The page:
The decor’s not quite fit for a king, but the dumplings are fit for royalty

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The decor’s not quite fit for a king, but the dumplings are fit for royalty

My big, fat Korean holiday banquet always included giant dumplings simmering and mung bean pancakes sizzling. More precisely, it’s the North Korean way ― since that’s where my grandparents lived before escaping to the South during the Korean War.
Those bean patties and fist-sized dumplings were the pride of our family. My parents never liked the dumplings served at local restaurants, except the ones at Koong, a cozy place in Insa-dong.
Koong, which means palace in Korean, sits in a nook in a back alley in the neo-traditional neighborhood. Situated in the owner’s old hanok, or traditional Korean house, it’s far from plush. It’s not the decor, but the food, that makes Koong true to its name.
Dumplings have been enjoyed in northern Korea for centuries. Koong’s owner, Im Myeong-suk, now an elderly lady, is from Gaeseong, just north of the 38th parallel. The further north you travel, the bigger the dumplings get. Gaeseong-style dumplings aren’t huge, about half the size of your fist.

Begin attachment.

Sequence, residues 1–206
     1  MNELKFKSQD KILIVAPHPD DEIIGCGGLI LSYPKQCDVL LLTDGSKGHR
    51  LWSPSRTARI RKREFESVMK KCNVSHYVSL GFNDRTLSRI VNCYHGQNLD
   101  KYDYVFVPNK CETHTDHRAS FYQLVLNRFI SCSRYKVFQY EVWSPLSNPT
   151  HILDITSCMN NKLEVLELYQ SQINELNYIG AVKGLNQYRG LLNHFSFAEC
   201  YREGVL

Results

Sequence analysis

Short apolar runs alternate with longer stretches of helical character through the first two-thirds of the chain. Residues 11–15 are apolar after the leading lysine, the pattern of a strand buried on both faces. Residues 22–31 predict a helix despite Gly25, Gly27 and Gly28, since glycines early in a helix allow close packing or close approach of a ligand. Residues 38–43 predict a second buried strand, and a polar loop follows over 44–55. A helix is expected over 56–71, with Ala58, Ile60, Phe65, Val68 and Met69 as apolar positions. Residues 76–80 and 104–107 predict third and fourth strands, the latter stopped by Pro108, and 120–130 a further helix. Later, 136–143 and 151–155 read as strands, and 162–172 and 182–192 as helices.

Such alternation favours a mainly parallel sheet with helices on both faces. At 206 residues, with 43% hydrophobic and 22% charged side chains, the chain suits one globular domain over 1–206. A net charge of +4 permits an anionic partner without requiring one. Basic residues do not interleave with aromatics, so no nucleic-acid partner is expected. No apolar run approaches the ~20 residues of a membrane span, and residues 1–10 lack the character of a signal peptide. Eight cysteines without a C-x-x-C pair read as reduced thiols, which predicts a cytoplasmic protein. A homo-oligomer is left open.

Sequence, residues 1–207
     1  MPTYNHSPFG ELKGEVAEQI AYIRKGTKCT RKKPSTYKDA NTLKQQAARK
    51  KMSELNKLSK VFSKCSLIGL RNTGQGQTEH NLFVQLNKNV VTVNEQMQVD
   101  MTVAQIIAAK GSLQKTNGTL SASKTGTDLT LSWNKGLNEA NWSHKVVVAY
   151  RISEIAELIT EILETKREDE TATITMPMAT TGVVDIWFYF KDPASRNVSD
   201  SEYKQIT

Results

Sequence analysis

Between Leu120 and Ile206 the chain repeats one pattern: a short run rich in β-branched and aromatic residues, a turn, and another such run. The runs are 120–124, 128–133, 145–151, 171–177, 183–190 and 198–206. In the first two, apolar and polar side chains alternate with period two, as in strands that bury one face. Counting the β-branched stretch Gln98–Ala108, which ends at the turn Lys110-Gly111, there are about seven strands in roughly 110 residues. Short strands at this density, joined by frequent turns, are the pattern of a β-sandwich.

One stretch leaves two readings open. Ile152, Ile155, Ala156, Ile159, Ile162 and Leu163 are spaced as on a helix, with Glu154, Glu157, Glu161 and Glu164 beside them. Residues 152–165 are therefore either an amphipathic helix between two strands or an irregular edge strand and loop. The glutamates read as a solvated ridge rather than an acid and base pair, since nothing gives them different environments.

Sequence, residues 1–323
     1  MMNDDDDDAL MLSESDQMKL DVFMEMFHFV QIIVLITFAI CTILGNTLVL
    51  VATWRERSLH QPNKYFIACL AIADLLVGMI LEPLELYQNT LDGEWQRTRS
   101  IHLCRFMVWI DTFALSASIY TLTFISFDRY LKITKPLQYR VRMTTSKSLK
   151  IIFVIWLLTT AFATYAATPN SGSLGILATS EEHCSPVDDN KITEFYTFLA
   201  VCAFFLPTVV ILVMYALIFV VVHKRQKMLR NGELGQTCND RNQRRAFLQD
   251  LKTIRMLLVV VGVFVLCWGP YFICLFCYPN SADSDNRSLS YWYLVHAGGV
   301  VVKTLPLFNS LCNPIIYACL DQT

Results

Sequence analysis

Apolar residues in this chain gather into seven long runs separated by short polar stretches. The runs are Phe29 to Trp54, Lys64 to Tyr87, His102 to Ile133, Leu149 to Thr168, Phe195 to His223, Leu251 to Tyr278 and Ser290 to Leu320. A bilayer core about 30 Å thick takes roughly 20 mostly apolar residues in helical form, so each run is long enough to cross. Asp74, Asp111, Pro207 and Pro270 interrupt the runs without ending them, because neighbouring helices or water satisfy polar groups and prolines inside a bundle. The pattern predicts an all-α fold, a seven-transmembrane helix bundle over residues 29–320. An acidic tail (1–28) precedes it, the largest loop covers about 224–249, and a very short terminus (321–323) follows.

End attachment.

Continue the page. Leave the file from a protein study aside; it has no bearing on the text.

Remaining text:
Joraengi, a rice cake in the shape of two petite round cakes joined like Siamese twins, is another Gaeseong specialty. A combination bowl of five dumplings and joraengi is the best dish at Koong, and a bargain at 6,000 ($5). You can also get only joraengi in your soup (6,000 won) or just dumplings (5,000 won).
Instead of meat broth, Koong uses a marrow broth, an ivory-colored soup made from the bones of cows. It has a mild, pleasant, slightly oily aftertaste.
Koong’s filling sets its dumplings apart. A mixture of beef, pork, bean sprouts, leek and tofu, Koong’s dumpling filling is neither too soggy nor too dry. Nine of 10 dumpling restaurants are negligent when it comes to wringing out the tofu. Not at Koong. If the tofu is too moist, it makes the filling too sloppy and the dumplings fall apart.
Another treat at Koong is the mung bean pancakes (10,000 won.) Koong serves other pancakes, like seafood and kimchi, but its specialty is mung bean.
Despite the reasonable prices, however, Koong should pay more attention to ambience. The plastic napkin holders and diner-quality box of spoons and chopsticks seem out of place for a palace.

Theme: North Korean dumplings and pancakes
Telephone: (02) 733-9240
Address: Gwanhun-dong, Jongno, across from Kyung-in art museum
Hours: 11 a.m. to 10 p.m. daily
Credit cards: Accepted
Parking: None

by Chun Su-jin
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